Unshed Tears: A Novel...but Not a Fiction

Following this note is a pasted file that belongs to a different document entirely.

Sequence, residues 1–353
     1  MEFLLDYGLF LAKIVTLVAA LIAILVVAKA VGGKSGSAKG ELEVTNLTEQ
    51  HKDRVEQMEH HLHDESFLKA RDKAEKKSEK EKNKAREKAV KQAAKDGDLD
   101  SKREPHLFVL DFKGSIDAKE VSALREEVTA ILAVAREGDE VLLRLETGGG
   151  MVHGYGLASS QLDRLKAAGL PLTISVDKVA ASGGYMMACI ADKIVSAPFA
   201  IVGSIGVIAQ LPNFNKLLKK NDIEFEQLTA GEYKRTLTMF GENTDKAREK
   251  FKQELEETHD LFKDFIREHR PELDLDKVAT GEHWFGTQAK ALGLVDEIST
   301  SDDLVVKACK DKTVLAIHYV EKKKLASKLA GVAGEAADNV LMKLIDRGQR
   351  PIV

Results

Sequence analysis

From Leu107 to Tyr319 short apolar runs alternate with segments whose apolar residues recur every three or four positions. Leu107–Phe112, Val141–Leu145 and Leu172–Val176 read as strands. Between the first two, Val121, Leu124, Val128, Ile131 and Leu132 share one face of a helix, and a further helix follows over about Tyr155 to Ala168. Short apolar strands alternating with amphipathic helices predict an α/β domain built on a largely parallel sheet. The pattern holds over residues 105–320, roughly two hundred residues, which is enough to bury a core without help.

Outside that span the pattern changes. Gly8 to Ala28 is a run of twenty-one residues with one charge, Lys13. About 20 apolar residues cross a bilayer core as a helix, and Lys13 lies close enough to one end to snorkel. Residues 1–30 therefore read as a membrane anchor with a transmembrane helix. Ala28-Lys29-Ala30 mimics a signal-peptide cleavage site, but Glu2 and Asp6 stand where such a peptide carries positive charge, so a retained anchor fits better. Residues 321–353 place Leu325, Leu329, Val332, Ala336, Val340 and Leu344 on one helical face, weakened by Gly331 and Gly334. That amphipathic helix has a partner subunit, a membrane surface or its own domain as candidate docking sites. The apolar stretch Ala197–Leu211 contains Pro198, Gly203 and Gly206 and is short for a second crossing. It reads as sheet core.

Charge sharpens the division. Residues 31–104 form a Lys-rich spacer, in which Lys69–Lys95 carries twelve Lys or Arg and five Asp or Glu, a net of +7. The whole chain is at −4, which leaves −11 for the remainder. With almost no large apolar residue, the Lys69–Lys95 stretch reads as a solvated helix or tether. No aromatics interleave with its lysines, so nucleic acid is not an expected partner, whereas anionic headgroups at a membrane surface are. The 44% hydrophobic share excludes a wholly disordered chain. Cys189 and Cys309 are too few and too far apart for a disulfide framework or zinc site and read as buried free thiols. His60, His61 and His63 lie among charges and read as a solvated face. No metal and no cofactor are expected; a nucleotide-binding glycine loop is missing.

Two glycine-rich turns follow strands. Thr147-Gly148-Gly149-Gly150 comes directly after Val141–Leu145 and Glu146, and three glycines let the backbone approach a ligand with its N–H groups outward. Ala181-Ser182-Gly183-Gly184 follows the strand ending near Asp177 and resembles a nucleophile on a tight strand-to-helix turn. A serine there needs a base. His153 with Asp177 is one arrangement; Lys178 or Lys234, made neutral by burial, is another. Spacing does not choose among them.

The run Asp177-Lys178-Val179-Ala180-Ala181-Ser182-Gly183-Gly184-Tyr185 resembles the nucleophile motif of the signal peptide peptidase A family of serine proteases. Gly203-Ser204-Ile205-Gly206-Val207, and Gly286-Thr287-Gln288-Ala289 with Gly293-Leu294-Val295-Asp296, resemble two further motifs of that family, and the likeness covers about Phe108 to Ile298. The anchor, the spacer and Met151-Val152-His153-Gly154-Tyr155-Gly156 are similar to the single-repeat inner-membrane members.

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When Edith Hofmann sat down to write this book, she was a 19-year-old coming to terms with the fact of her own survival. It is a story which describes a struggle; the struggle to come to terms with a haunting past, the struggle to survive, and the struggle to unburden a broken heart. It also embodies a struggle to form, in language, that which at times all but defies linguistic form. When Hofmann started writing this book she had only been speaking English for two years, and yet she wanted to convey her experiences, in English, to those with whom she had made her home. The cruel reality was that no one really wanted to hear. She poured out her soul, only to be told that 'no one was interested in the war any more'. This was 1950. Some fifty years later she revisited the manuscript, wondering whether such a text would have any value. For fifty years her text had lain in her drawer, waiting to be read. Her story is a novel, but it certainly is not a fiction. Scared for her own safety, Hofmann chose to write in the third person rather than pen a memoir. Every page is bound up with the intricate details of her life, those whom she loved, and those whom she lost; the echoes of those terrible years, and the memory they imposed. In compiling this text, she decided neither to change it, by removing discrepancies or updating anything, which Hofmann wrote in the late 1940s, nor to improve her English, but rather to leave it as a raw and indelible testimony not only to her survival but to her bid to survive survival. You will be moved; not only by what she has written, but by the fact that she wrote at all.